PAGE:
What is there left to say about this Villa side? Comfortable for large swathes of the fixture at St. James, they capitulated at the last.
A handy point suddenly became another worrying defeat that drags us firmly back into the mixer.
And now the fun begins. For whilst Villa must juggle title contenders Chelsea and Man City on the run in, we now go having to beat teams, far better than Newcastle United, who sit in and around us in the league.
The first half it took Villa some time to settle, but Newcastle looked wary, timid and open to our counter. Villa were also afforded lots of time on the ball, with Westwood taking full advantage.
Chances came and went as Villa built up a head of steam midway through the half. Like Cardiff, we would regret them.
Agbonlahor burst into space before unleashing a long distance pile driver that screamed just inches over the bar.
El Ahmadi showed purpose going forward. The Morrocan crafted a fine chance, running into space on the right before cutting back across goal. Where were we?
Again El Ahmadi then caught the ball skillfully before fashioning a cross come shot that evaded the sliding Wiemann. Almost.
Moments before the break Villa suffered their first real scare, Remy cutting back to Cisse who could do no better than sky his shot with the goal at his mercy. A reprieve, but a warning to us also. Take your chances and keep tight at the back.
The second half wasn’t nearly as clever or incisive from Villa. Inevitably with a pressing game, legs tire prematurely. This allowed Newcastle more space.
The loss of Westwood to injury was key. The youngster was having one of his best games in a Villa shirt, his replacement, Sylla, simply does not compare.
Villa had a golden opportunity to seal the game when breaking with Benteke. The Belgian drove at the heart of the Newcastle defence, drew the tackle to release the pass, but watched as it was superbly cut out by Williamson.
The front three were ineffective for large portions if the game, with Benteke struggling to show anything like the clinical displays of last season. However, despite their increasing ineffectiveness, no changes were deemed necessary by Lambert.
Villa proceeded to live dangerously in the closing stages, but as the clock ran down, and with the Geordies huffing and puffing, it seemed a point would do.
Vlaar, otherwise solid all afternoon proceeded to do Cruyff turns in the area. Inevitably dispossessed by De Jong, he squared to Remy, who somehow managed to slam the upright. Ludicrous from Vlaar, our captain, to gift such an opportunity.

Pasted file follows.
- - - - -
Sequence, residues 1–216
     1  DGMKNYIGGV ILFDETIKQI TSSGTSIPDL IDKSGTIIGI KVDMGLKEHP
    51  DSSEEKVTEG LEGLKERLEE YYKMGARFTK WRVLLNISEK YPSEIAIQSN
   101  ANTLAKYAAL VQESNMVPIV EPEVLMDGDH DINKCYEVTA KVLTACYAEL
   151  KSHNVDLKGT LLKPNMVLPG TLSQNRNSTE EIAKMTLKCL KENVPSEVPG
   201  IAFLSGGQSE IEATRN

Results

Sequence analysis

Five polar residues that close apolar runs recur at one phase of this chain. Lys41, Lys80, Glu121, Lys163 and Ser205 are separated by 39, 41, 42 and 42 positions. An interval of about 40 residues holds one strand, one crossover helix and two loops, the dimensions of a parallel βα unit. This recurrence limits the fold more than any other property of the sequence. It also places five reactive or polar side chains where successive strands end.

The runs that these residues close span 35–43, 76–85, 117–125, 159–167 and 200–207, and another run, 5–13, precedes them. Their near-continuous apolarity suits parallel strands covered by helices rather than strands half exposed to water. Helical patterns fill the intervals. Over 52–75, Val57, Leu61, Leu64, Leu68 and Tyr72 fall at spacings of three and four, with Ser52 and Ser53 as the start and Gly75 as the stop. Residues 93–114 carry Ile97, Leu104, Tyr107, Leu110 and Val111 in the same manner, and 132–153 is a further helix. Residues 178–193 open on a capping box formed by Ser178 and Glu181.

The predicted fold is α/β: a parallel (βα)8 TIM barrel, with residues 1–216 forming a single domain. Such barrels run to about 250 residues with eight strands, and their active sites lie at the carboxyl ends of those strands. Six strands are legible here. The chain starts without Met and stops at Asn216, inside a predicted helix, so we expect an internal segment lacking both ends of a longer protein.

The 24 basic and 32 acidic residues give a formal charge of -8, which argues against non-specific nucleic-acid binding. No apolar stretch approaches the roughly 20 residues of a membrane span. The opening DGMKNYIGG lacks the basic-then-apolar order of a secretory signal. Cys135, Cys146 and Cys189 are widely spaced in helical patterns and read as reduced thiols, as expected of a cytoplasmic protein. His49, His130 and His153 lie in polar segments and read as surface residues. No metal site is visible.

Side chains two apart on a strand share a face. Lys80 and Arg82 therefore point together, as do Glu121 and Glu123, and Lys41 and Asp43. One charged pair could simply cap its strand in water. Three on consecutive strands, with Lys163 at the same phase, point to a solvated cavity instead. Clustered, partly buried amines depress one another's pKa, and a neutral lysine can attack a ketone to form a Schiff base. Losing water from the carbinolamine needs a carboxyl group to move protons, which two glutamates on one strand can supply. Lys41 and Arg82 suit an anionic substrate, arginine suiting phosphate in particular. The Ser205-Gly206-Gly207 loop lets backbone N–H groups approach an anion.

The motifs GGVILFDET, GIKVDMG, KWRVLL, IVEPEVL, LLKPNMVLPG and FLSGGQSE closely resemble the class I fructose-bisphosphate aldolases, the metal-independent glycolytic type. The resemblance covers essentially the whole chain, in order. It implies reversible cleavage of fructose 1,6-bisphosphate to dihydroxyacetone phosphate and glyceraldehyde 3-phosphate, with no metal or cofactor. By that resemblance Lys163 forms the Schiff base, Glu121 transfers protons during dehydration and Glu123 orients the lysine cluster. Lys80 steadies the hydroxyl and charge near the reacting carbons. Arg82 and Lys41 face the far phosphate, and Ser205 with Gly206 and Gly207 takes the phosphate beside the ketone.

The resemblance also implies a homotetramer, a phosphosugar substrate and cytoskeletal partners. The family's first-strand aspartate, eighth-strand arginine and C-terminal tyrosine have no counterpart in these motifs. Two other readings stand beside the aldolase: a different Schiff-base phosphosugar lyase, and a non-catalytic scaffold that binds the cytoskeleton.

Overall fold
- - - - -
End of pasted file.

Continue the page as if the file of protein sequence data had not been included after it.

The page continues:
Cue a further defensive shambles now becoming synonymous with Aston Villa.
Bennett introduced for the (presumably) injured Bertrand, failed to adequately clear. Then came a deflected pass, looping awkwardly back onto the penalty spot, bouncing between Vlaar and Remy.
Vlaar did his best to fall over. Bacuna turned his back and Loic Remy, otherwise as poor as Benteke, slammed the ball past Guzan to win the game.
The fact that Villa have lost twice to Newcastle is remarkable. Perhaps less so given the above, but Newcastle’s frailties and limitations were there for all to see.
The question of players and tactics inevitably rears it’s head when trying to make sense of this balls up.
We look settled and fine until we tired from our approach of aggressively chasing the ball. This works only until fatigue sets in, so why do we peruse this and the formation to the point of self destruction repeatedly?
The logic and reasoning is simple, play a system and style to the strength of your players. We have a system that has a purpose whilst we have the stamina and crucially, the players to maintain it. However, plans must be adaptable to changing circumstances.
Simply put, we are flogging Wimpy to an audience that wants McDonalds.
Is repeatedly lumping the ball deep to Benteke the best we can intellectually fathom from week to week?
Yacouba Sylla is clearly given no instruction as to his role or flatly disregards it by relinquishing possession and running around as though plucked from the stand. What is his role or purpose?
And poor Joe Bennett. Irrelevant of what you think about him as a footballer. He looks mentally broken and physically too small/delicate to compete at the top top level. I’ve nothing against the kid, but we looked vulnerable for Bertrand making way.
Big questions must be asked of the manager. How long will he persevere with a hit and hope system? What’s the plan when we tire and need to make changes? And when does a poor run of form become cause for concern.
Lose to Norwich and it would be naive to suggest a battle is officially on. Indeed, given our recent stagnation, anything less than 3 points now becomes paramount.
Guzan – 7 – Assured.
Bertrand – 7 – Steady again.
Vlaar – 6 – Two barmy errors.
Baker – 6 – Better alongside Vlaar.
Bacuna – 5 – Not a right back.
El Ahmadi – 6 – Faded after good first half.
Delph – 6 – Combative but struggled.
Westwood – 8 – MOTM
Wiemann – 2 – Largely anonymous.
Benteke – 3 – Wasted and disinterested.
Agbonlahor – 3 – Limited and ineffective.
Sylla (Sub) – 2 – Really poor.
Bennett (Sub) – 3 – Scrappy.